13 Tips for Mickey's Not-So-Scary Halloween Party
I didn’t trick-or-treat growing up, or vacation at Disney World, so Mickey’s Not-So-Scary Halloween Party fulfilled just about every childhood dream. Since I’m generally not a huge fan of the ghost and witchy atmosphere of the holiday (decorating with cobwebs … gross), the family-friendly vibes and fall-inspired adornments at the Magic Kingdom event spoke my language.
Whether you’re taking the kids for some early trick-or-treating or hoping to feel like a kid again while zipping along Space Mountain with a candy-fueled belly ache (no shame … that’s us), read on for 13 (Not-So-Scary) tips to make the most of your time at the party.
1. Go on a weekday
Just like when we attended Mickey’s Very Merry Christmas Party last year, we selected a Tuesday night several weeks from the holiday, hoping for lighter crowds. While it felt a little funny to hear “happy Halloween” in mid-September, everyone was still dressed up and the decorations and music made it seem just like Halloween. And our Tuesday night strategy paid off – we were able to walk on the vast majority of rides, see the parade and fireworks show, and get tons of candy.
2. Get there early
The party doesn’t start until 7 p.m., but you can get in the park as early as 4 p.m. There are entrance lines specifically for party guests and after security, you’ll get a special wristband that signifies you’re here for the party and don’t need to be kicked out after regular hours. Once inside, veer right away from Main Street to the party entrance, where you’ll get trick-or-treating bags with a few starter pieces of candy to snack on. The first few hours are a good time to hit up all the rides and shows with shorter lines since the wait times for the more popular ones will dwindle after regular guests leave.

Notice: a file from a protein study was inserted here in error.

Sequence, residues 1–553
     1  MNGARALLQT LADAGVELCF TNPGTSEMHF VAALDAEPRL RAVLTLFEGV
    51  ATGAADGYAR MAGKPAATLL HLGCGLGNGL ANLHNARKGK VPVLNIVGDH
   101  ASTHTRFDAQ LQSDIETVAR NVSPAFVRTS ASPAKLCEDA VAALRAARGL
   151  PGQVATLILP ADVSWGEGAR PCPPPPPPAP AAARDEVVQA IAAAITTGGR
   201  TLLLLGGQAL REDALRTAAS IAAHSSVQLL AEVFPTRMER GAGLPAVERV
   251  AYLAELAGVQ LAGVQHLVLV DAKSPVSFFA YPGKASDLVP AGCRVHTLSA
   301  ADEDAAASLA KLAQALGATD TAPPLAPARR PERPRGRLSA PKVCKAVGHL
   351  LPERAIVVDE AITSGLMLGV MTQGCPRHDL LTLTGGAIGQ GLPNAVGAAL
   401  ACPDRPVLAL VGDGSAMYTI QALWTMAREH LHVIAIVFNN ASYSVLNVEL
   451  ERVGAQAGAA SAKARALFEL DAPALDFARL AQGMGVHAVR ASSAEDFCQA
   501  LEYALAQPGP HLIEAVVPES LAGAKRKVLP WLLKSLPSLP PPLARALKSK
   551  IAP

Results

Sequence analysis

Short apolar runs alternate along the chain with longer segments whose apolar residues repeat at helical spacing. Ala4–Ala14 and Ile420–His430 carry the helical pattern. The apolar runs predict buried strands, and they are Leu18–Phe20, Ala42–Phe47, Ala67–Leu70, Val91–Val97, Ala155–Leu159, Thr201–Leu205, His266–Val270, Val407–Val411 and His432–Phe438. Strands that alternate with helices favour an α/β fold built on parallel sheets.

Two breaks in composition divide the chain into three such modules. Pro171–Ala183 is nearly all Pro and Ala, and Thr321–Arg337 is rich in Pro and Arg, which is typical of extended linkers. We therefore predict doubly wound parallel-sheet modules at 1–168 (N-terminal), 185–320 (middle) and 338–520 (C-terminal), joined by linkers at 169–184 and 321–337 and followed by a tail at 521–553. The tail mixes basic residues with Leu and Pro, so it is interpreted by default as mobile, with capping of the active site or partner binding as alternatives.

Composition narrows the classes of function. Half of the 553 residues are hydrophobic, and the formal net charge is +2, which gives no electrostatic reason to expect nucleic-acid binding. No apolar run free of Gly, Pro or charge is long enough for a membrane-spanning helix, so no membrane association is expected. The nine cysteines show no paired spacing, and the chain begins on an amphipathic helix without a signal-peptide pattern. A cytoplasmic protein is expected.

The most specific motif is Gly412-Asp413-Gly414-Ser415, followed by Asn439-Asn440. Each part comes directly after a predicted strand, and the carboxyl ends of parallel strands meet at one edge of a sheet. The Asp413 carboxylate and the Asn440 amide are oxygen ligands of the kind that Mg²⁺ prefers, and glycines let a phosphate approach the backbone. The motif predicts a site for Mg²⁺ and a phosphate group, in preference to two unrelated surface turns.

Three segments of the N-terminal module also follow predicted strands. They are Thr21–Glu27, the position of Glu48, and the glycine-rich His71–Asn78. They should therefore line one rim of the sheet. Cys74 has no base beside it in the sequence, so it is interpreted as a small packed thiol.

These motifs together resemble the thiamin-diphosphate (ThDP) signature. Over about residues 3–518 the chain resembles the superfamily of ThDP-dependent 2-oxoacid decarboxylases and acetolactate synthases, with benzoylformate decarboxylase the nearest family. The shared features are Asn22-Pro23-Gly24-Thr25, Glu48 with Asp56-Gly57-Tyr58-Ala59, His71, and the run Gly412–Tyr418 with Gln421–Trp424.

3. Make a plan before arriving
Even though you may have less time in the park than if you were there on a normal day, the crowds are much lighter, which means that lines for everything from rides to character meet-and-greets are generally shorter. You also have all kinds of extra experiences at the Halloween party, like trick-or-treating, themed parades and a special fireworks show. Crafting a plan ahead of time and picking your priorities – Meeting Moana? Hitting every candy stop? Riding Space Mountain five times in a row? – makes the whole night go much smoother.
4. Eat before the party
There are some special treats you might want to try, like pumpkin cheesecake (Main Street Bakery and Gaston’s Tavern) and candy corn flavored ice cream (Auntie Gravity’s Galactic Goodies), but I recommend eating an early dinner before arriving to maximize your time in the park. You’ll have plenty of candy to munch on throughout the night and popcorn and soft pretzels make for great parade-watching snacks.
5. Dress up
Kids, teens, adults – everyone gets in on the action with costumes during the party. We were constantly caught off guard running into adults dressed as Disney characters and it took a second look several times to decide if they were guests or cast members, especially since many characters that you don’t often see out and about make special appearances at the Halloween Party (more on that later). Make sure you check Disney’s costume guidelines before selecting your outfit as there are some rules and restrictions. Also, remember to check the weather before you go. Even in October Florida can be pretty warm (even hot) and you don’t want to be miserable and sweaty in some head-to-toe getup.
6. Meet the characters
Villains take center stage during the party, appearing in the parade and scattered around the park for meet-and-greets. We spied Jafar, Maleficent, the Queen of Hearts, and Cinderella’s wicked stepsisters. If your kiddos are frightened by the bad guys, plenty of lovable personalities were out and about too, including Aladdin and Abu, Ariel, Cinderella, the seven dwarfs, Mickey and Minnie, Pooh, Piglet and Tigger, Jack Sparrow, and more. Most had fairly short lines, though Moana seemed pretty popular in her spot outside the Swiss Family Treehouse. You can find the character locations on the party map when you arrive, but most were clustered around Adventureland and Fantasyland.
7. Ride your favorites on repeat